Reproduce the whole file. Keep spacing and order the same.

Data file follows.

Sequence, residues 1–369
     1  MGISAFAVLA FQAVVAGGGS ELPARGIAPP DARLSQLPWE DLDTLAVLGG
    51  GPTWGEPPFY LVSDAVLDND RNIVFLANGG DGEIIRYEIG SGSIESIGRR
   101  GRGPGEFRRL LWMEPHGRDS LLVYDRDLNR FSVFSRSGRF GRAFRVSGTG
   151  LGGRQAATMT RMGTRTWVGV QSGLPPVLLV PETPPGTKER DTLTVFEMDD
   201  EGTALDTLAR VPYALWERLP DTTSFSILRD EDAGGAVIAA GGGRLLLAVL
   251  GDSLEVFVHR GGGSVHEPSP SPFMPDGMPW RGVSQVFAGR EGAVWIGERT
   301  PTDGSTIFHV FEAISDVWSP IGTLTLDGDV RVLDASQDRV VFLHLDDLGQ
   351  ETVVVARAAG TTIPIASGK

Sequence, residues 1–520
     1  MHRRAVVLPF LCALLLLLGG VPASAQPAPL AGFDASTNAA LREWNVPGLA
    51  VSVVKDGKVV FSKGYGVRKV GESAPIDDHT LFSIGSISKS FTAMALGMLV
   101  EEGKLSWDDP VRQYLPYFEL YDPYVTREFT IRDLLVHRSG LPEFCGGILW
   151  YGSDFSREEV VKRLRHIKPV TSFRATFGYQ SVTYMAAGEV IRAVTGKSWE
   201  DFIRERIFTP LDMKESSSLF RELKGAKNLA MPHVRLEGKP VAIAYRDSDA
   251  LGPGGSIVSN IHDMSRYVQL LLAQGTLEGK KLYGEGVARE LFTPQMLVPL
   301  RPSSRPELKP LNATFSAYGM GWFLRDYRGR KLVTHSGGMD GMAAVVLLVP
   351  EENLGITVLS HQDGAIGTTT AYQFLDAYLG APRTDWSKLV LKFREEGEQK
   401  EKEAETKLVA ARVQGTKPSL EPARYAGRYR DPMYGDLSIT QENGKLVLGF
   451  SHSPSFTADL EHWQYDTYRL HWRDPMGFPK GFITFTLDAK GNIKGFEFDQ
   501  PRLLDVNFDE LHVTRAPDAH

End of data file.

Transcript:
Sequence, residues 1–369
     1  MGISAFAVLA FQAVVAGGGS ELPARGIAPP DARLSQLPWE DLDTLAVLGG
    51  GPTWGEPPFY LVSDAVLDND RNIVFLANGG DGEIIRYEIG SGSIESIGRR
   101  GRGPGEFRRL LWMEPHGRDS LLVYDRDLNR FSVFSRSGRF GRAFRVSGTG
   151  LGGRQAATMT RMGTRTWVGV QSGLPPVLLV PETPPGTKER DTLTVFEMDD
   201  EGTALDTLAR VPYALWERLP DTTSFSILRD EDAGGAVIAA GGGRLLLAVL
   251  GDSLEVFVHR GGGSVHEPSP SPFMPDGMPW RGVSQVFAGR EGAVWIGERT
   301  PTDGSTIFHV FEAISDVWSP IGTLTLDGDV RVLDASQDRV VFLHLDDLGQ
   351  ETVVVARAAG TTIPIASGK

Sequence, residues 1–520
     1  MHRRAVVLPF LCALLLLLGG VPASAQPAPL AGFDASTNAA LREWNVPGLA
    51  VSVVKDGKVV FSKGYGVRKV GESAPIDDHT LFSIGSISKS FTAMALGMLV
   101  EEGKLSWDDP VRQYLPYFEL YDPYVTREFT IRDLLVHRSG LPEFCGGILW
   151  YGSDFSREEV VKRLRHIKPV TSFRATFGYQ SVTYMAAGEV IRAVTGKSWE
   201  DFIRERIFTP LDMKESSSLF RELKGAKNLA MPHVRLEGKP VAIAYRDSDA
   251  LGPGGSIVSN IHDMSRYVQL LLAQGTLEGK KLYGEGVARE LFTPQMLVPL
   301  RPSSRPELKP LNATFSAYGM GWFLRDYRGR KLVTHSGGMD GMAAVVLLVP
   351  EENLGITVLS HQDGAIGTTT AYQFLDAYLG APRTDWSKLV LKFREEGEQK
   401  EKEAETKLVA ARVQGTKPSL EPARYAGRYR DPMYGDLSIT QENGKLVLGF
   451  SHSPSFTADL EHWQYDTYRL HWRDPMGFPK GFITFTLDAK GNIKGFEFDQ
   501  PRLLDVNFDE LHVTRAPDAH